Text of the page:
I’m following the great alfalfa whisperer’s instructions to the last letter, but it’s only getting worse. I eat in front of him and then put his food down and periodically take it away so he learns that everything belongs to me and he is lucky to get what’s left over, but he is exerting his dominance by reacting with increasing aggression. 

When I go to sleep at night, I only want to turn on my Cesar Salad and Milano cookie night light and read more about the great alfalfa and cat tail master, but he keeps screaming and howling from the other room, and I’m waiting for the day he breaks down his kennel and goes for my throat! 

Sincerely, 

Nightlight



Dear Nightlight, 

the sheer stupidity of thinking a 10 week old pup has any concept of what being an alpha dog means, extends beyond my abilities to understand. 

This is exactly like a really powerful king holding his infant son, and watching the infant grab at his crown, and deciding he must want to kill him and take over the throne. In fact, I’m pretty sure that’s how 95% of all fairy tales start. 

I say fairy tale, because that’s exactly what this is. But not a Disney fairy tale. A really fucked up Brother’s Grimm fairy tale, where the mermaid dies and the prince marries the witch and people believe that an infant puppy that doesn’t even have object permanence is trying to murder them in their sleep. 

Apparently there is only one scenario in which a dog can ever cry. And fear is, apparently, not it. Because the concept of a baby dog crying because things are new and startling and their new owner is grunting barking like a neanderthal, is so much less logical than a baby dog born with the blueprints for world takeover.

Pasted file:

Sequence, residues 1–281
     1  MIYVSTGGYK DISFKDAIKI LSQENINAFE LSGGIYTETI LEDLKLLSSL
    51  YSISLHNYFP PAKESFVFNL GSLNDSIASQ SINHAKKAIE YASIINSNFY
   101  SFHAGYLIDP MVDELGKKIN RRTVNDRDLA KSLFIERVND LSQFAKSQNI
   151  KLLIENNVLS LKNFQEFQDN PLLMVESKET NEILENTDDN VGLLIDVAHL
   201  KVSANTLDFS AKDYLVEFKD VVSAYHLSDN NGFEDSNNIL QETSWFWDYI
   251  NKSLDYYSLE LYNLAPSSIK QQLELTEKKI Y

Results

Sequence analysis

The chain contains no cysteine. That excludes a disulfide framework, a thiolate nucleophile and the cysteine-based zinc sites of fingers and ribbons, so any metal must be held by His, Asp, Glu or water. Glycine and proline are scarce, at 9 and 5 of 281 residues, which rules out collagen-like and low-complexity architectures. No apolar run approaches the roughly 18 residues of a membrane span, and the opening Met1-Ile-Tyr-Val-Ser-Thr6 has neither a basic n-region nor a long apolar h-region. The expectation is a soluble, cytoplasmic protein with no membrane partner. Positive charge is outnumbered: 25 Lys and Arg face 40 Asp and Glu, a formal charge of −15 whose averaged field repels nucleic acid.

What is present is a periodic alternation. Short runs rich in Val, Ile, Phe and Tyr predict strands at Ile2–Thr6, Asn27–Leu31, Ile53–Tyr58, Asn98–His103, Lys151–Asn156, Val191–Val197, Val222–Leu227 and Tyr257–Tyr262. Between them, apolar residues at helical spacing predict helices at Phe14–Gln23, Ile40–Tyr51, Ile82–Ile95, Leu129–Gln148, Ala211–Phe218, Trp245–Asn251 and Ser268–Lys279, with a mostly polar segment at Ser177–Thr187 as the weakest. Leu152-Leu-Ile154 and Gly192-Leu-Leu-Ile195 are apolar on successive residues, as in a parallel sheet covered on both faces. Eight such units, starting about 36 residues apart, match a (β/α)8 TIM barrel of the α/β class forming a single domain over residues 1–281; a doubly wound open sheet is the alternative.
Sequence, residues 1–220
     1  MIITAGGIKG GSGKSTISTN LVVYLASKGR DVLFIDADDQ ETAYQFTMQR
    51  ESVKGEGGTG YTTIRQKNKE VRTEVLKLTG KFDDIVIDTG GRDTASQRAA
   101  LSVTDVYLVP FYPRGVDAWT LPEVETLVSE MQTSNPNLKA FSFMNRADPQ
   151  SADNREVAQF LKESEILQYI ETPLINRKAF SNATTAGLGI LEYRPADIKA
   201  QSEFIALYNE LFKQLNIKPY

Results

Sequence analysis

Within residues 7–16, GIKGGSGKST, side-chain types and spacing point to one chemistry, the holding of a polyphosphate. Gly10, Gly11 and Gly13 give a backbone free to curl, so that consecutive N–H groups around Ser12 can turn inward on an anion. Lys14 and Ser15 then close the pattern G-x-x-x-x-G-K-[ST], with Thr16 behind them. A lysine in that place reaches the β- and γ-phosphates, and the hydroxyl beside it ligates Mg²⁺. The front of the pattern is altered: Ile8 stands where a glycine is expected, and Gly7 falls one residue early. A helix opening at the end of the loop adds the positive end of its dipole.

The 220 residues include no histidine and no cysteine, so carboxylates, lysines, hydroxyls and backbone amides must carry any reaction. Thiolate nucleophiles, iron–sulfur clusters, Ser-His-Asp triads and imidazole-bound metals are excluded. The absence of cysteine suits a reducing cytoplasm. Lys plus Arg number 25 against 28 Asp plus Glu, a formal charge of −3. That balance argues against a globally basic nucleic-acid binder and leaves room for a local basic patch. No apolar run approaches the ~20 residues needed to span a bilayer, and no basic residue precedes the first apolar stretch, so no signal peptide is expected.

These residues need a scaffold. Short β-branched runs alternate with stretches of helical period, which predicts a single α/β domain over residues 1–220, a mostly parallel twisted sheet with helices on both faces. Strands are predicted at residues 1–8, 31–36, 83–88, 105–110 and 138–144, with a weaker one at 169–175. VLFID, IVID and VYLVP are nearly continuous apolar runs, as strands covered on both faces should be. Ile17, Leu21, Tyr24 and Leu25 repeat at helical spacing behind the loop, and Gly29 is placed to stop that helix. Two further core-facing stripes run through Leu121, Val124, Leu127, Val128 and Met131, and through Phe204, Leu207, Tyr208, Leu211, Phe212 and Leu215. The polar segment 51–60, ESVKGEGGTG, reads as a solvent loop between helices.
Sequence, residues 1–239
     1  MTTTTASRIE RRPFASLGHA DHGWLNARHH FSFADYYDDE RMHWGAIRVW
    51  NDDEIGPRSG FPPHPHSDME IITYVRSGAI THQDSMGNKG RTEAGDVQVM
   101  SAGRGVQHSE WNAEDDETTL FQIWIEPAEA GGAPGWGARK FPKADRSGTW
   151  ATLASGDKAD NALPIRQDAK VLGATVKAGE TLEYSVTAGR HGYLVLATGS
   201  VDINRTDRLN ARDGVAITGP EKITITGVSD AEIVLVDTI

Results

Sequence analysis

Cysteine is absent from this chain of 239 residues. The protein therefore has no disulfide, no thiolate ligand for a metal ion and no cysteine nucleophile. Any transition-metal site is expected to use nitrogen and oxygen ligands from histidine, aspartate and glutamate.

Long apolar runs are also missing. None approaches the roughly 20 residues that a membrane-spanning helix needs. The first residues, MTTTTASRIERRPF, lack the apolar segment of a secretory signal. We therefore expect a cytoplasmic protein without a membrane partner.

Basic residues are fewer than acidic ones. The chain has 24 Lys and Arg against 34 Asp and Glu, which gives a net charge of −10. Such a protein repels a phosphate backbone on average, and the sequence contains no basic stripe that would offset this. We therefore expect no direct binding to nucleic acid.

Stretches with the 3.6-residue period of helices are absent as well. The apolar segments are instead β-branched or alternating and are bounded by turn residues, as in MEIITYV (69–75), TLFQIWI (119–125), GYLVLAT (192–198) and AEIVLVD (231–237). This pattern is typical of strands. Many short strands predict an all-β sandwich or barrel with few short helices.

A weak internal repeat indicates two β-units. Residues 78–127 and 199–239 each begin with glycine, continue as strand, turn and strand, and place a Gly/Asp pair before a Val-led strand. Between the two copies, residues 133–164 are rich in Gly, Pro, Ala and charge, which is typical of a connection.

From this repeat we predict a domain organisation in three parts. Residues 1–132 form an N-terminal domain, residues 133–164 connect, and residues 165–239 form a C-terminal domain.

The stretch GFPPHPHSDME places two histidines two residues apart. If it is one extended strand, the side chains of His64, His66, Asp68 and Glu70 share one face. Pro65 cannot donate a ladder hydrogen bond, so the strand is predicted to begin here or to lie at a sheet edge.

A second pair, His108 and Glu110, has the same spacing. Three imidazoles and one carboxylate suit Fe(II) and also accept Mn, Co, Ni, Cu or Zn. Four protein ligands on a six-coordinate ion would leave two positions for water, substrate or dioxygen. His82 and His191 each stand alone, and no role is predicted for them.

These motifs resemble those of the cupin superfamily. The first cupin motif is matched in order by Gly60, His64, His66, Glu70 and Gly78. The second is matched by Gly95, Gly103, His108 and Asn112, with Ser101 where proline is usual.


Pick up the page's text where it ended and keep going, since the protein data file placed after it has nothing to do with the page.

I mean, when you put it that way, it makes sense. My god. My dogs are planning on world takeover. I should have seen it the moment one of them grabbed my genetics book. She wasn’t trying to get me to play with her at all! She was trying to read up on how to best develop her own genetics so as to become stronger than me! How foolish I’ve been! 

There’s absolutely no way on earth that a puppy could be doing anything at all to cross over the language barrier and try to initiate interaction in the best way it knows how. No, far from it. Every single action that baby makes is a cold and calculated attack on your dominance!

Or is it? Is that really the first thing that jumps to your head when you see a dog cry? 

When you become aggressive, what’s usually the trigger? Are you aggressive because you want to connive and steal your coworker’s promotion, or are you aggressive because you’ve been wronged, and your coworker has caused you to fear for your job? 

When do people usually respond with aggression? Hmm? When they are AFRAID. Why the everloving fuck do you think your dog is responding with increased amounts of aggression? Because he is AFRAID of you, you fucking bully. 

What I’m going to need you to do, is pick that puppy up, and hug him. Just hug him. Reassure him. And every single time that puppy cries, wails, growls, barks, sniffles, or so much as wrinkles his nose, I want you to rain affection down on him. When he takes something he can’t have, give him something he can have instead. Your alfalfa books would be a good start. I hear they make for excellent puppy potty training pads.